I've always tried to include both in everything I do. But the more conscious we are, the more empowered we are to transcend negativity. The rumor is that you're writing a Weetzie prequel.Your books are always grounded in reality, and yet fantastical things happen. I have always wanted to honor the dark and the light, the real and the fantastic. It was a very personal book, a somewhat dark fairy tale I told myself, and I was surprised and delighted to see that it has continued to touch people of different ages and nationalities. When I read "One Hundred Years of Solitude," I was so excited to see how Gabriel García Márquez did that. I wrote Weetzie while I was at UC Berkeley, feeling nostalgia for my friends, family and life in L. Francesca Lia Block is a Los Angeles writer with a unique voice that blends lush imagery, hip fairy tales and punk poetic lyricism. The culture sends such a conflicting message, glorifying sex and yet maintaining an odd prudishness about it. The Weetzie prequel is about 65 pages long at the moment.She is best known for her "Weetzie Bat" books, which premiered in 1989 and drew critical acclaim and a rapturous fan base while helping to revolutionize young adult literature. Do you think it's harder to be a girl growing up in L. It's Weetzie in the 1970s, just after her dad leaves her mom.has just ducked into a brightly lit Opening Ceremony boutique in search of an outfit for a New York Fashion Week event that night."I like to go to other cities because I can dress up," she says, eyeing a stylish black blazer with blue and white checks.
Her novels often feature teenage girls navigating the City of Angels while struggling with self-image, friends, boys, family, death and sexuality. I don't listen while I write, but music plays a huge part in my work. I think depression creates in me an urgent need to write, but I also believe that daily stress, and even the positive "stress" of intense happiness, can compel me to express myself through the written word. As the mother of a daughter and a friend to many young women, it is something I feel strongly about and I hope to set a good example. We have to understand that some of the messages we get, messages that we are not enough, are there to keep our power in check. I've also finished a vampire book called "Pretty Dead," due out next year, and a book about a changeling called "The Waters and the Wild." I have another book called "Forest Folk: A Mythological Dating Guide," based on my experiences with Internet dating and my love of mythology and fairy tales, and I just wrote a proposal for a writing guide based on my workshops.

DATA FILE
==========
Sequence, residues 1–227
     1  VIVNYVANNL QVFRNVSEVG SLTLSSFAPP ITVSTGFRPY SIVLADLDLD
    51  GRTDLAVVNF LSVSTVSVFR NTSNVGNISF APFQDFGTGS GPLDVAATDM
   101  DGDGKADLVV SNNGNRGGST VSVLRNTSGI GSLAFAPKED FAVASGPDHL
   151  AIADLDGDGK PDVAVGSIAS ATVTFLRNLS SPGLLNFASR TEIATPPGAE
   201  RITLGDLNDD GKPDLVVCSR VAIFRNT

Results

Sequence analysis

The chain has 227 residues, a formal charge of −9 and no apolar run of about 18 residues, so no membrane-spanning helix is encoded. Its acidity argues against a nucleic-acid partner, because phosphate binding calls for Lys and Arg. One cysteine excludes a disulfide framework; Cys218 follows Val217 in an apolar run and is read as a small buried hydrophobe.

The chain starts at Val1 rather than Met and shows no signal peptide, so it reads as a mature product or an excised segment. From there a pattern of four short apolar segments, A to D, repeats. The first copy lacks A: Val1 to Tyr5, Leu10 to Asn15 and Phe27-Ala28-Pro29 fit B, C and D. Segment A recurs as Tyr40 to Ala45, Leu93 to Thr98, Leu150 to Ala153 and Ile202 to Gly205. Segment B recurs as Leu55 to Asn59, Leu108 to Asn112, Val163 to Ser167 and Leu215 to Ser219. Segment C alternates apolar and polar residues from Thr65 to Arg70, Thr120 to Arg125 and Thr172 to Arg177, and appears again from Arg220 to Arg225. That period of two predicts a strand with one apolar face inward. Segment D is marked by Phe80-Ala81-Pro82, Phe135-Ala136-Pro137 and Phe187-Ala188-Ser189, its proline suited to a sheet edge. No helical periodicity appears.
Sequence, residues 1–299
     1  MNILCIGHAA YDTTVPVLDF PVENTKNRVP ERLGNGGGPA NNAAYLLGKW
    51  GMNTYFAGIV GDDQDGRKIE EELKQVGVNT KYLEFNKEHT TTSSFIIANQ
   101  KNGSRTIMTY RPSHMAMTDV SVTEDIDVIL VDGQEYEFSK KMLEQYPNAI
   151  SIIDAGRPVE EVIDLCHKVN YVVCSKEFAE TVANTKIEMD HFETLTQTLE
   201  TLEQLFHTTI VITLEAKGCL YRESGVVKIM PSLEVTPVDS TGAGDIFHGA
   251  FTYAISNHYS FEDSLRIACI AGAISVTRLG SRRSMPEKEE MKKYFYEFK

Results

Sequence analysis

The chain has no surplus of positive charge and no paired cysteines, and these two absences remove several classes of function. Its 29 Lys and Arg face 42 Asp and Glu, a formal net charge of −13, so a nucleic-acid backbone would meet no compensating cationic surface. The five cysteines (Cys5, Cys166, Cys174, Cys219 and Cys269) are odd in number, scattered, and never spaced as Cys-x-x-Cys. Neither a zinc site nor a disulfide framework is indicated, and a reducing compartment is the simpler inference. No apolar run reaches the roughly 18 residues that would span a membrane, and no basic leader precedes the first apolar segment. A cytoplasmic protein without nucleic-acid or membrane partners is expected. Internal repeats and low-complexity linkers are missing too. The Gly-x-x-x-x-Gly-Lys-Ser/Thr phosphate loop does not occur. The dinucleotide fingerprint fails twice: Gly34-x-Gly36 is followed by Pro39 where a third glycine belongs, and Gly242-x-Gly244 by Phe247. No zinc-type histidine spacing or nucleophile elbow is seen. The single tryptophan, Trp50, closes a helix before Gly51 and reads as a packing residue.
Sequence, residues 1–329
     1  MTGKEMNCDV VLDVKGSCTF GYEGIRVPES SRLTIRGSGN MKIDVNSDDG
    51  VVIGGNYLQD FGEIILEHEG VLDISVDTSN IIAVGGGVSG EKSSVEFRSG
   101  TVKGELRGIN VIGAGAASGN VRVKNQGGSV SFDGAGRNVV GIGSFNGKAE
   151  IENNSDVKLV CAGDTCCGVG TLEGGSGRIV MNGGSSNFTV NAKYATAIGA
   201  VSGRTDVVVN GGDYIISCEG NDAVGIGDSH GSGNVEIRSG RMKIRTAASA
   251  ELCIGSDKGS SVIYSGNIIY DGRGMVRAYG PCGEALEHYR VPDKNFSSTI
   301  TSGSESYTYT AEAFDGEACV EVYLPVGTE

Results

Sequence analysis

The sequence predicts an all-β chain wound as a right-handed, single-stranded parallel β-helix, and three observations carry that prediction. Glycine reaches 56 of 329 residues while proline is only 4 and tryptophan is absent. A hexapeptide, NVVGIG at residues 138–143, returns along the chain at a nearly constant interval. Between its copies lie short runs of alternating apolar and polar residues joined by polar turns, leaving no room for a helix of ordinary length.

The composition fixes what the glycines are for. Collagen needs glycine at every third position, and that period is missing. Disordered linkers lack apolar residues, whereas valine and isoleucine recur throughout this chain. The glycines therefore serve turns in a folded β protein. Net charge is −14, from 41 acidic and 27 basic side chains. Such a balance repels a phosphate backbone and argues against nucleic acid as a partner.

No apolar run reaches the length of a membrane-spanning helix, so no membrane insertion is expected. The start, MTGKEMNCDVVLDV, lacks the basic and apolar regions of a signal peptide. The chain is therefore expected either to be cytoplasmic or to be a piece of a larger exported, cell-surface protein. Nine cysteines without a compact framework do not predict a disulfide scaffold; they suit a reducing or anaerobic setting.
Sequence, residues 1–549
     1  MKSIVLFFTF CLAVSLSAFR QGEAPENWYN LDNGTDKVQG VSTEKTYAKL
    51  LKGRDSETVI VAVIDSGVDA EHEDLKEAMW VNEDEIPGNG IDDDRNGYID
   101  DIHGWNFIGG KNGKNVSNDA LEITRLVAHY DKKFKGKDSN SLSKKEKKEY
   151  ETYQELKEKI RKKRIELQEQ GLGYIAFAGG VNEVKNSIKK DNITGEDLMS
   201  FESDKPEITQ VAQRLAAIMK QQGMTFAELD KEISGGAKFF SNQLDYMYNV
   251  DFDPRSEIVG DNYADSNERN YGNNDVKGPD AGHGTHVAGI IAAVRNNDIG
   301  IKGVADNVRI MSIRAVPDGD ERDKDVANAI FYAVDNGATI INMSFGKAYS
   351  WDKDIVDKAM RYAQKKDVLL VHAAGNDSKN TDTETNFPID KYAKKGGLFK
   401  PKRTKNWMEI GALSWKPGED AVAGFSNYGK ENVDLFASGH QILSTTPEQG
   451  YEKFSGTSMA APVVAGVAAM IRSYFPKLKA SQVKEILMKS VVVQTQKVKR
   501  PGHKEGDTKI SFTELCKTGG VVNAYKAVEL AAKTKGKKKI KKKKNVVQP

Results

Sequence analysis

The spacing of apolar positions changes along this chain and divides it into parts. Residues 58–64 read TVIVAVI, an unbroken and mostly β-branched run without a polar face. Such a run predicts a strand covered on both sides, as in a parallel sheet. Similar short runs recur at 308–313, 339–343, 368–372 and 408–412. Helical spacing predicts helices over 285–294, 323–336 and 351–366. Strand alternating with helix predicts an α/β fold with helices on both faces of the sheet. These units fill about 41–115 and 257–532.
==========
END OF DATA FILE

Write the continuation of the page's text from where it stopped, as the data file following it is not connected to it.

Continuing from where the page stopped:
Block's latest book, "How to (Un)cage a Girl," published by Harper Teen, is a collection of 45 poems. My parents subscribed to a monthly poetry periodical, and as a teenager I was introduced to Denise Levertov, who was an influence. As a kid, I listened to Joni Mitchell (the female confessional school again) and Cat Stevens. Female empowerment is a recurring theme in your books. Is this something you've struggled with in your own life? Do you find it hard as a woman to integrate the disparate roles of being a mother, a writer and a sexual being? And I want to put together a punk anthology because we don't have time to start an actual punk band with our kids and writing projects and being sexual women, so it's the next best thing! Her latest book, "The Last Embrace," is set in 1949 Hollywood.